What kinda bug is causing these gall things in pine?

evo

Well-Known Member
Look up pitch moth. I think I see a callus from a pruning wound, which likely attracted the little buggers
 

JD3000

Most well-known member
2nd.

Zimmerman pine moth damage looks similiar but tends to attack where branches attach.
 

Philtreeman#1

Active Member
Yeah i think they may have formed around the pruning wounds. The trees are in a very narrow bed along side a gravel drive
 

Philtreeman#1

Active Member
Or is that just a callus that formed over large pruning wound? Definitely looks like some insects involved though because there is some orange frass. Could the insects be secondary? Just not seeing anything on the pitch moths that looks quite like it.
 

evo

Well-Known Member
Or is that just a callus that formed over large pruning wound? Definitely looks like some insects involved though because there is some orange frass. Could the insects be secondary? Just not seeing anything on the pitch moths that looks quite like it.
I wouldn’t call it a burl per say. Pitch moths typically go for branch collars causing limb failure in some cases. Swollen collars can be signs of some bugs infestations, but I think of it as a ebb and flow of wounding and response growth. Not unlike a target canker where the fungi kills the cambium then the tree starts callusing and then the next year it’s the fungus turn. Depending on the vigor of the tree and the persistence of the organism will determine the outcome
 

Philtreeman#1

Active Member
I wouldn’t call it a burl per say. Pitch moths typically go for branch collars causing limb failure in some cases. Swollen collars can be signs of some bugs infestations, but I think of it as a ebb and flow of wounding and response growth. Not unlike a target canker where the fungi kills the cambium then the tree starts callusing and then the next year it’s the fungus turn. Depending on the vigor of the tree and the persistence of the organism will determine the outcome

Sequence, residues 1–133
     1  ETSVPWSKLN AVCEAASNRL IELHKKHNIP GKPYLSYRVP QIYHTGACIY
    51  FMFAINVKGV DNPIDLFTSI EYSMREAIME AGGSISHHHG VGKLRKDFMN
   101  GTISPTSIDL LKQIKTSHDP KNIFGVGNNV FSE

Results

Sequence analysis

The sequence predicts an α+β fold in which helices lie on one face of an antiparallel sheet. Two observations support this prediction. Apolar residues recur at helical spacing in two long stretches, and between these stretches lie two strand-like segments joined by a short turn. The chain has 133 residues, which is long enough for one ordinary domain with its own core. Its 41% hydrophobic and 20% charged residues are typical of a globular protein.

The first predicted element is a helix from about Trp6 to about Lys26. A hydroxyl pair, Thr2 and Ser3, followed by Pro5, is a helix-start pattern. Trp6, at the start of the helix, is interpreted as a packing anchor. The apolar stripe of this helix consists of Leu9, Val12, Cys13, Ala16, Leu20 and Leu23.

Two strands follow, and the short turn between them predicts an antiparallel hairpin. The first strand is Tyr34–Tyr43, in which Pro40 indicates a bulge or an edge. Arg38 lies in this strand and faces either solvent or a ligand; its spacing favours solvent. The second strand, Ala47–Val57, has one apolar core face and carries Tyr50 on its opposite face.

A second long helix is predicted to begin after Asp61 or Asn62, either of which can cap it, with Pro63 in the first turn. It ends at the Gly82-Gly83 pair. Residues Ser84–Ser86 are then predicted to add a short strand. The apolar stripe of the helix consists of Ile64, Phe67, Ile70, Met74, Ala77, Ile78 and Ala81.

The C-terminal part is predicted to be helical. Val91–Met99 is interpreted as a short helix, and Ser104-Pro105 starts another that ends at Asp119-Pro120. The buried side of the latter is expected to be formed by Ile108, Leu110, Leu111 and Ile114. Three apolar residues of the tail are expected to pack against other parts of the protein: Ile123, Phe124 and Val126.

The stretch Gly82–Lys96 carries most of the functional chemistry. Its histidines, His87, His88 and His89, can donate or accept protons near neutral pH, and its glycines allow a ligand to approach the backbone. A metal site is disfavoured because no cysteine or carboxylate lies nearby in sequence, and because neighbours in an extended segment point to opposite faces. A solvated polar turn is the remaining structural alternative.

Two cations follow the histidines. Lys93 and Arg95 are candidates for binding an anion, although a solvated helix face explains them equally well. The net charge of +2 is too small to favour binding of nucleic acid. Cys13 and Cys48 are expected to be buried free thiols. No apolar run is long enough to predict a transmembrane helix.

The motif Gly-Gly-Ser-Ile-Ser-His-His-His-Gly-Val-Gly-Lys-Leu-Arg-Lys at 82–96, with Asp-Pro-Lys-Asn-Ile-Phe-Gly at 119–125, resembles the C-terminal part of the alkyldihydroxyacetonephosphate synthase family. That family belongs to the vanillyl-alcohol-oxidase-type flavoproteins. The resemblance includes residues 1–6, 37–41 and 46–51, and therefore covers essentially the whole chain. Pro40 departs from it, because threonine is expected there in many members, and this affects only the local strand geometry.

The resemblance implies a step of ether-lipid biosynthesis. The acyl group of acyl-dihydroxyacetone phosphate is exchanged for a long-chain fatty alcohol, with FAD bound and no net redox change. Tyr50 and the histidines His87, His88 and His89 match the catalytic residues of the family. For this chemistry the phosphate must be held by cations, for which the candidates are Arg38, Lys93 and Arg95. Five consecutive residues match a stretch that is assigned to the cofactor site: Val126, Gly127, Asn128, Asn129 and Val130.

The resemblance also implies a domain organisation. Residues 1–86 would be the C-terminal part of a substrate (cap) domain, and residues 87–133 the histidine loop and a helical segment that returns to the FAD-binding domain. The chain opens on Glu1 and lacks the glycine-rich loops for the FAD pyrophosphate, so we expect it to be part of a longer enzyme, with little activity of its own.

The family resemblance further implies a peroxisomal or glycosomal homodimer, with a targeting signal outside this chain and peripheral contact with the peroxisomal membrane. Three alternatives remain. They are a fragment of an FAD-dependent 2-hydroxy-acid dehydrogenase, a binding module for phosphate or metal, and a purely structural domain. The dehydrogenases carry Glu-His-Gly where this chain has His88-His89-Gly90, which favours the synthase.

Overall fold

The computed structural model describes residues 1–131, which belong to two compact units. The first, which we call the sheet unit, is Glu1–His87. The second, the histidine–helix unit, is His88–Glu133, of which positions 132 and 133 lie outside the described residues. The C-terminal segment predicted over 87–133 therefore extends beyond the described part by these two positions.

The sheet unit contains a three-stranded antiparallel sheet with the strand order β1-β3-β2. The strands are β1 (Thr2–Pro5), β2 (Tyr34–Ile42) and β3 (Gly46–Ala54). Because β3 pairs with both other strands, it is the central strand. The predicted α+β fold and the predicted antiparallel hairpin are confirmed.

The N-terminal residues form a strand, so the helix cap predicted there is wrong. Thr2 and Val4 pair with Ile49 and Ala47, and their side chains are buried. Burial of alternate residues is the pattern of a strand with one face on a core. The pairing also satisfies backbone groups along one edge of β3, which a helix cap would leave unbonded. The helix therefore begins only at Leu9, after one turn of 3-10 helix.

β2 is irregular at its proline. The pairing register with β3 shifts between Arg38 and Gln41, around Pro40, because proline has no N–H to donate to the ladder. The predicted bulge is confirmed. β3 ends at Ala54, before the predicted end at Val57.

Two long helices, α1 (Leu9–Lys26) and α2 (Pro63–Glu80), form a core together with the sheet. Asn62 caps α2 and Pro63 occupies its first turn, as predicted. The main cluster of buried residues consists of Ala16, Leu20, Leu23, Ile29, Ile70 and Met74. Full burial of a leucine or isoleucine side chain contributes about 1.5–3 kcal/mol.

Yes that makes sense? Any recomended treatment?
 

JD3000

Most well-known member
Usually a borer rate of a pyrethroid or perhaps carbaryl has historically been used but Acelepryn has labeling for clear wing moths as well. This is assuming we have the critter(s) narrowed down correctly.

First I would assess overall health because many a tree can pitch them out effectively. Cultural stress management es muy importante when it comes to trees and borers.
 

Philtreeman#1

Active Member
Cultural practices have been very poor. Way too many limbs got removed, trees are in very narrow bed no wider than root flare next to gravel drive with neighbors house being vacant for years without proper irrigation, & i think that fabric may have had some girdling effects. (Come on we're gardeners, not taylors, folks! )
 

evo

Well-Known Member
I’ve heard digging the little F’ers out with a knife or poking tool and crushing their heads is the only non chemical alternative. Always best for preventative cultural control. The tree looks a little stressed. What species of pine? And location?
 
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